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Full Practical Guide: How To Grow & Care For Begonia x Tuberhybrida ?

Family: Begonia × Tuberhybrida is a member of the Begoniaceae family.

Bloom : From July through late October, there is a lot of bloom.

Grouth: Rapid expansion.

Light: Depending on the kind of light (some varieties are more resistant to the bright summer sun than others). Bright diffused light is preferable in interior settings.

Temperature: Depending on the variety, at least 10 ° C is required for proper blooming.

Watering should be done regularly throughout the summer to avoid overdrying. The substrate containing wintering tubers is sometimes watered throughout the dormant season.

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Air humidity: is high. Spraying is suggested for containerized plants.

Topdressing: Begonia x Tuberhybrida must be fed with potassium nitrate two or three times with a seven-day interval after planting to produce leaves, and then with a complete complex fertilizer with low nitrogen content.

Pinching is used to create side shoots on fast-growing imperious begonias.

Dormant season: Winter is the dormant period. The tubers should be stored in sand or peat at temperatures about 12 ° C. The resting phase lasts roughly three to three and a half months. To keep the tubers from drying out, the substrate is hydrated regularly.

Begonia x Tuberhybrida Plant Annually, after the dormant period, transfer Begonia x Tuberhybrida Plant.

Reproduction: Tubers, cuttings, and seeds are used for reproduction (less often).

Tuberous begonia (Begonia x Tuberhybrida) is a kind of tuberous begonia. Herbaceous plant with a tuber-rhizome that extends underground, succulent transparent stems, and a height of 20 to 80 cm. The leaves are arranged in a regular, heart-shaped, asymmetrical pattern.

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Flowers may be simple, semi-double, or double, depending on the type. Except for tones of blue, blue, and violet, colors span from white through dark red, yellow, and orange. Flowers are heterosexual and monoecious, meaning they have male and female parts. On the same plant, there are flowers.

The flowers come in three different shapes: non-double, semi-double, and double. Tuberous begonia produces well-formed seeds with extra pollination, containing between 80 and 120 thousand seeds in a year. From May through November, the flowers bloom. Begonia loses its leaves in the winter and becomes dormant.

A. Woz suggested the name Begonia x Tuberhybrida since there existed a vast group of hybrids, as well as mutations from them, that were all related to the presence of a perennial tuber.

According to different accounts, 6 to 9 species were involved in the crosses, with the Bolivian begonia (B. bolimensis) being the most important. In 1869, the first hybrid cultivars were offered in England as blooming indoor plants produced in greenhouses. Louis Van Hutt, a Belgian, was the first to grow begonias outside.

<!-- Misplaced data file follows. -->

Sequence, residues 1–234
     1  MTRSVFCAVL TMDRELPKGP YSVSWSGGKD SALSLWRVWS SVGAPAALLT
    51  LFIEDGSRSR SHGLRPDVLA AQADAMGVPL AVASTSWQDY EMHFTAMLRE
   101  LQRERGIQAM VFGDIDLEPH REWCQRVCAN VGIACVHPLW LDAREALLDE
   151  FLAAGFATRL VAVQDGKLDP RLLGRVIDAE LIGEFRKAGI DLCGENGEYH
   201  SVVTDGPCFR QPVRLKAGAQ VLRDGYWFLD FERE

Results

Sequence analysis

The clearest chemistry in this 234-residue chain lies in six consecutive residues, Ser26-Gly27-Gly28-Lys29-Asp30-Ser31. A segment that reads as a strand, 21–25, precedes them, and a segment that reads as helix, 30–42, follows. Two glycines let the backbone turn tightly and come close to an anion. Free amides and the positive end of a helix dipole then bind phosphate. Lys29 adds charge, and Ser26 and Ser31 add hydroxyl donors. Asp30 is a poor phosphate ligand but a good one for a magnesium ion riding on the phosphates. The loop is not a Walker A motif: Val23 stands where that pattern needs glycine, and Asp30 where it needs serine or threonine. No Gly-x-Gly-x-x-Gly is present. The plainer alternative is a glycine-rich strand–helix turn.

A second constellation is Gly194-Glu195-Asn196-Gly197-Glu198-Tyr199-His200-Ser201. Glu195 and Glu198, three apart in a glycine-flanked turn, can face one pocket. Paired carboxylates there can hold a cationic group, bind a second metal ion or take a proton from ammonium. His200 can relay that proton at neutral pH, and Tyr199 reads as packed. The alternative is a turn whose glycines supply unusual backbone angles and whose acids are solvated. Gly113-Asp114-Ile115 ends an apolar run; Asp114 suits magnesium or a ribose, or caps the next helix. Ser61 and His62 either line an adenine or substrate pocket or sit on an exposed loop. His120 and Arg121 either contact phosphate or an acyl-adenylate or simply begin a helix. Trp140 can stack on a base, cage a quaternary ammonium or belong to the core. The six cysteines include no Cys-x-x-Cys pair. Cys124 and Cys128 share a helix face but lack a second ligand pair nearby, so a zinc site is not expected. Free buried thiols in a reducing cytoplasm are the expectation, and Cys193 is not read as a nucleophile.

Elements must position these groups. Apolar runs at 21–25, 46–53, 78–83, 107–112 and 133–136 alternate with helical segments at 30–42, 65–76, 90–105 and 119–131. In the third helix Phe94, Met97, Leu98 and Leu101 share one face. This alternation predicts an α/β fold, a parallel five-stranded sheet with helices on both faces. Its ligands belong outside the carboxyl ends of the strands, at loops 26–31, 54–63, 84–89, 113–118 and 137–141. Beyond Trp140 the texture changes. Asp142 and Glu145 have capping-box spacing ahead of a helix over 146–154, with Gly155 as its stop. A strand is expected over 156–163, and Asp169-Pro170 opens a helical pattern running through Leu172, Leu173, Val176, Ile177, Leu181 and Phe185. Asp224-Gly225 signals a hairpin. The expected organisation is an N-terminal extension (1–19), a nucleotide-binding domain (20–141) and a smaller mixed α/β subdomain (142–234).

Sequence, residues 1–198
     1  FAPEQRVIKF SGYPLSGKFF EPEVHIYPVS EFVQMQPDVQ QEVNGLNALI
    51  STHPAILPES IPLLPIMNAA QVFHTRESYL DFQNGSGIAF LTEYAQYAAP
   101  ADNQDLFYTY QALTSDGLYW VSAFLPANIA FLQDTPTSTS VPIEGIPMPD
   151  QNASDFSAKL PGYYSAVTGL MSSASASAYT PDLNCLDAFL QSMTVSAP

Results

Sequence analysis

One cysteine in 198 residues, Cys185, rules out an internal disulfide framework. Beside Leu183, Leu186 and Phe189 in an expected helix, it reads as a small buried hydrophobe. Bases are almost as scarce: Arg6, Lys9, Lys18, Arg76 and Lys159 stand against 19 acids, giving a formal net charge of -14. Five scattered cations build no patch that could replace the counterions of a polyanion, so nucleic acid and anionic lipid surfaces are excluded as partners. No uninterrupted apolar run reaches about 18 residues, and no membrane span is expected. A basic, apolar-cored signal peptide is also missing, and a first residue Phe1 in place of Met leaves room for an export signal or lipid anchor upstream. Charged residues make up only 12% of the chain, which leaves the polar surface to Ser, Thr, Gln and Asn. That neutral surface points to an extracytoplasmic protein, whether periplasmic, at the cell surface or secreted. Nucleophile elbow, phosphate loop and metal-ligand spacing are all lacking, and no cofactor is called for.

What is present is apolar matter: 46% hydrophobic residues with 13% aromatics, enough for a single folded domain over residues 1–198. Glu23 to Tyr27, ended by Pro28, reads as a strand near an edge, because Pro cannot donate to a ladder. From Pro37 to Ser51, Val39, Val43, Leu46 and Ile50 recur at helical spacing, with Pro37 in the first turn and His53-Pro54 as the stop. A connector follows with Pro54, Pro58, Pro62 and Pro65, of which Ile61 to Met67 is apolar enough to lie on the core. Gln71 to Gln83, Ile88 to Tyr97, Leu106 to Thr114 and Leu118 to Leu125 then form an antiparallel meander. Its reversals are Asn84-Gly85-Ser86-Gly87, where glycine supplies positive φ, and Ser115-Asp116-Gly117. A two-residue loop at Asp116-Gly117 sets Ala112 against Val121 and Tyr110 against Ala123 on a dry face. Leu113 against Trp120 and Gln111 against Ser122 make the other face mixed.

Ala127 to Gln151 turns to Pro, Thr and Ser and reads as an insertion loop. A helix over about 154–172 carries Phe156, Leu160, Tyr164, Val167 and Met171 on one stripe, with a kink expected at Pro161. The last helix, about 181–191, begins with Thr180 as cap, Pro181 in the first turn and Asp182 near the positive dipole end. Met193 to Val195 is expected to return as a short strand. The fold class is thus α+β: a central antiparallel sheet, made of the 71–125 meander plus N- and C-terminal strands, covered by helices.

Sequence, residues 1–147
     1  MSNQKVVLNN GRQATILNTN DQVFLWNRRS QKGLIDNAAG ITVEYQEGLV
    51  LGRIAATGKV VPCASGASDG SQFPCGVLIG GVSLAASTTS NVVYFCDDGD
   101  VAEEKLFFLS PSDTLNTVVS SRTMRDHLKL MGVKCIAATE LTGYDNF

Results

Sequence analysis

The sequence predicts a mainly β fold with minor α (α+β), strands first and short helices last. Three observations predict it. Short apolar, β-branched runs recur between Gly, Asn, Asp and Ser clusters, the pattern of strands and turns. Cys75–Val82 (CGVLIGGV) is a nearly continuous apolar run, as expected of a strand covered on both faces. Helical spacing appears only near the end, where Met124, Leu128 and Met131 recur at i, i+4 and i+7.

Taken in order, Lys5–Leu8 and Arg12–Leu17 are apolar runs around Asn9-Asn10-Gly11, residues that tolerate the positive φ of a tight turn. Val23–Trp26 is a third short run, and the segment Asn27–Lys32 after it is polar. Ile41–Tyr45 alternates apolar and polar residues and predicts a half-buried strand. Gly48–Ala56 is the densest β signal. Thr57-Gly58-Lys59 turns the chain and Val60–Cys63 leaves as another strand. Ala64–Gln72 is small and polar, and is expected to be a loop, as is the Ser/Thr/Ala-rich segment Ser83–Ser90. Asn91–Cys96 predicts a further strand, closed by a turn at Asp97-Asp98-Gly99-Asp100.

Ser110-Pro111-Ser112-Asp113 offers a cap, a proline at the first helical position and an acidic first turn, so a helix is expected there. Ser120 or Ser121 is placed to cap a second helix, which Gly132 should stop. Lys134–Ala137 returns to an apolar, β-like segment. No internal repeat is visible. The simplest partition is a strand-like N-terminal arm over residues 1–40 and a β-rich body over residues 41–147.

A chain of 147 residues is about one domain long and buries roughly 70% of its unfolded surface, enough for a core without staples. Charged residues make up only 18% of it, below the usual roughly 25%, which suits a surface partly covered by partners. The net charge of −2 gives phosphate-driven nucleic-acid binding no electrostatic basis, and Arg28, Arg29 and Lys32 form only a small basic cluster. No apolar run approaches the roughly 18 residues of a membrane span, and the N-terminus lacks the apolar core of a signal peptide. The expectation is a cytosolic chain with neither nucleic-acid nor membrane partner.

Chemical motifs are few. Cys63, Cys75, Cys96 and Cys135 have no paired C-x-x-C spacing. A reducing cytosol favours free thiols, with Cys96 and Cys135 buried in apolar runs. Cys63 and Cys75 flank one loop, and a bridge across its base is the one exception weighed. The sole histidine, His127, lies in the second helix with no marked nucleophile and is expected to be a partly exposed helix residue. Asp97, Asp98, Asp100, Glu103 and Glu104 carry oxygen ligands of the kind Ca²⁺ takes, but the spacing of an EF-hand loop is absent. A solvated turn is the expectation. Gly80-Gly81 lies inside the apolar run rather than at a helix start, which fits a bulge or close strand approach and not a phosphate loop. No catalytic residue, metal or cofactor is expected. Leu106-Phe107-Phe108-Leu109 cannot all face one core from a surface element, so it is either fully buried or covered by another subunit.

The gigantic group’s varieties and hybrids are defined by the widest range of flower and petal shapes. Camellia, peony, and anemone are all examples of double flowers. Large Flower petals may be clipped or fringed, as well as strongly corrugated or joined (crisp shape) ( Fimbriata form ).

Ampelous Begonia x Tuberhybrida (B. pendula flore pleno) has a distinctive position, having been created by crossing several types of the multiflora group.

On slender drooping pedicels, they feature semi-double and double elegant Flowers. Their benefit isn’t only in appearance; they also endure the sun well and bloom early and abundantly. As a result, they’re often employed in flower beds.

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The tuberous begonia (Begonia x tube hybrid Voss) is a member of the Begonia genus ( Begonia L.). According to different sources, the genus has between 400 and 1000 wild Begoniaceae plant species found in tropical and subtropical parts of America, Africa, and Asia. Botanist Charles Plumiero initially brought Begonia x Tuberhybrida to Santo Domingo in 1690.

Plant Care for Begonia x Tuberhybrida

Depends on Growing Conditions

Begonia x Tuberhybrida has a distinct light to Begonia x Tuberhybrida ratio. Small-flowered plants flourish in direct sunlight, whereas large-flowered plants thrive in partial shade.

The ampel types all share the same trait: the smaller the bloom, the more comfortable the plant is in the sun. Tall begonias with enormous flowers, as well as ampelous begonias, should be planted in wind-protected areas to prevent delicate succulent stems from breaking.

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The ratio of various groups of begonia to tuberous temperature settings varies due to its complicated hybrid origin. If this plant is more thermophilic than the ever-flowering begonia (B. semperflorens), then the most heat-demanding varieties are large-flowered begonias and relatively cold-resistant – heterotic hybrids of the floribunda group, which bloom well at around 10 ° C, whereas large-flowered begonias weaken and the buds may crumble at this temperature.

Even minor frosts are too much for the Begonia x Tuberhybrida types. Cold winds are particularly damaging to plants, since they may blacken the margins of the leaves. Even hot, dry weather, on the other hand, does not encourage healthy development and blooming.